Rigged poker -stiff on her back
With a granite grin
This antique museum-cased lady
Lies, companioned by the gimcrack
Relics of a mouse and a shrew
That battened for a day on her ankle-bone.
In 1957, Sylvia Plath wrote the poem ‘All the dead dears‘, inspired by a visit to the Cambridge Museum of Archaeology and Anthropology, where she viewed the coffin and skeleton of a Roman lady exhumed locally. Due to lack of space, the Roman tomb was taken off public display in the 1980s. In 2012, the Museum had a large-scale refurbishment and restored the remains to their original setting.
The body is of a Roman British woman from the 4th century CE, aged around 40-50, encased in a large coffin of stone lined with lead. She was found by builders working on a housing estate in Arbury, north Cambridge, in the early 1950s and has become known as the Arbury Lady.
Not only one body was found in the coffin, however. The skeletal remains of a mouse and a shrew were entombed with the lady, and there is evidence that they were gnawing on the body, especially around the ankles. The Museum have thoughtfully displayed the rodents with the Arbury Lady, preserving this fascinating detail of post-mortem activity.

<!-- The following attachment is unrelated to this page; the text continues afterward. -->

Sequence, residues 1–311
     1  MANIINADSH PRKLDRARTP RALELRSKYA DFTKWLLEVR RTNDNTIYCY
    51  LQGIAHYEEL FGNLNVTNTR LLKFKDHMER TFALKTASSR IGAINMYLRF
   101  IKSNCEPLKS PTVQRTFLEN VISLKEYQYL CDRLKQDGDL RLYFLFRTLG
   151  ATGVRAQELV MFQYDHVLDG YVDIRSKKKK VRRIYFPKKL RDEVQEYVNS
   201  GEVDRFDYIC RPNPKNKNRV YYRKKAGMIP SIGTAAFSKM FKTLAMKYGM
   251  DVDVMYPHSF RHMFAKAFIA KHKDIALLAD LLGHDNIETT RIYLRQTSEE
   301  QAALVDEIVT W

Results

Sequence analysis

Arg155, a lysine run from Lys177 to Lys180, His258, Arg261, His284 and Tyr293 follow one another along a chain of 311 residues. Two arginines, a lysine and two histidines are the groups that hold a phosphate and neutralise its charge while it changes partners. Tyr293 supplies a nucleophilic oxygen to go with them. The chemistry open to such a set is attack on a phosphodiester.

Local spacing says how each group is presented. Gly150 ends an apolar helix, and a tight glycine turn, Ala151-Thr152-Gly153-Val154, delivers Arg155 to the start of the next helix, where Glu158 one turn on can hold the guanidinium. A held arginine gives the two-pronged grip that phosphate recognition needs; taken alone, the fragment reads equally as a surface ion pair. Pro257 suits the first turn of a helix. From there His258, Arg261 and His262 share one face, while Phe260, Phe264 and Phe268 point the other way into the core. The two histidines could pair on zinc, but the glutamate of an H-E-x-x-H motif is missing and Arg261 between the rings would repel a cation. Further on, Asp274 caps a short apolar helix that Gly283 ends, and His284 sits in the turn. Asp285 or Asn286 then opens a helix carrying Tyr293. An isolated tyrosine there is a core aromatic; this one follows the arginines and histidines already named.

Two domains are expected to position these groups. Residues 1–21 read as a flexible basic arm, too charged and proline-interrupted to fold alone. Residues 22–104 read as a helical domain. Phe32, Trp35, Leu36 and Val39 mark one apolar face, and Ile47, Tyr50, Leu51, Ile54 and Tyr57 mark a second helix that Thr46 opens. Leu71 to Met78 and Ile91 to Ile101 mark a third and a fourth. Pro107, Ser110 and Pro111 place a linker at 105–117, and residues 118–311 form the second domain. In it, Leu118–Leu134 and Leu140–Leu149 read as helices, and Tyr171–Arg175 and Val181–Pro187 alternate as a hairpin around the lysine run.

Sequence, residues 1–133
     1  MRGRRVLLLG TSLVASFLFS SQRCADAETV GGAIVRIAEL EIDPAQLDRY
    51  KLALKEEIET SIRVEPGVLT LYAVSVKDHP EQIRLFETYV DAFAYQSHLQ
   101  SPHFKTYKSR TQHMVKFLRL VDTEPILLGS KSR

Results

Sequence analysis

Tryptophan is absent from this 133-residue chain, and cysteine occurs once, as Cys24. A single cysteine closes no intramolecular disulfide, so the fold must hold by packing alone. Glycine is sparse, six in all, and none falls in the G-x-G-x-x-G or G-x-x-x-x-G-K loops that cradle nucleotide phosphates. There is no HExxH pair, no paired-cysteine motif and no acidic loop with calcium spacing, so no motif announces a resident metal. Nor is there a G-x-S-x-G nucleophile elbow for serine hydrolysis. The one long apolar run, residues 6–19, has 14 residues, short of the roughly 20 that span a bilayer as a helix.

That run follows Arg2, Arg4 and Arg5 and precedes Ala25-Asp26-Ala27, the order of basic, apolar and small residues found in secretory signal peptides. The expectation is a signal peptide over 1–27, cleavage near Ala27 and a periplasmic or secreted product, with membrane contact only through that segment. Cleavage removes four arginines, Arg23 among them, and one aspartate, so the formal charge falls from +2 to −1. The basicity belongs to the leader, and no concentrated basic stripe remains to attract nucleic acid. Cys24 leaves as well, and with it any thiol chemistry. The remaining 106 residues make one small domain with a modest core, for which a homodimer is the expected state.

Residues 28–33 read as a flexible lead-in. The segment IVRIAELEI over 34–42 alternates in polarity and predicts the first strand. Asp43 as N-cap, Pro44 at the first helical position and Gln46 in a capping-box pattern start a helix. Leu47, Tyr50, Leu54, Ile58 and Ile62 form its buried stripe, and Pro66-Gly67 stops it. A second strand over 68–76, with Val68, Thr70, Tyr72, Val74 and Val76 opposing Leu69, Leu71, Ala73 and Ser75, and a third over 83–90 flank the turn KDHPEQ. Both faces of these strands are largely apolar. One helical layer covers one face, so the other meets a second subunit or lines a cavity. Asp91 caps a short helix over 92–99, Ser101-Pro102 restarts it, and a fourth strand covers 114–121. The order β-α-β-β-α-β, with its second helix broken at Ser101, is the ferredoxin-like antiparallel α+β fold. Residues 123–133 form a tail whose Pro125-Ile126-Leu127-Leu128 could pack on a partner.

Sarah-Jane Harkness, outreach officer at the Museum told the Cambridge News about how the Arbury Lady continues to inspire fascination and connects local people with their past and history
“A schoolchild was fascinated to find out the coffin had been discovered in his own street, in his neighbour’s garden. It is bringing history to them in a way they can understand – it gives it continuity.”
The Arbury Lady is displayed very respectfully in a large side-gallery away from the entrance desk and gift shop areas of the Museum, and visiting her always seems very peaceful, even during busy days. I find her very moving, and it really does feel like connecting with a real person rather than just an exhibit.
The Museum of Archaeology and Anthropology has many more fascinating and deathly items to explore, and is well worth a visit!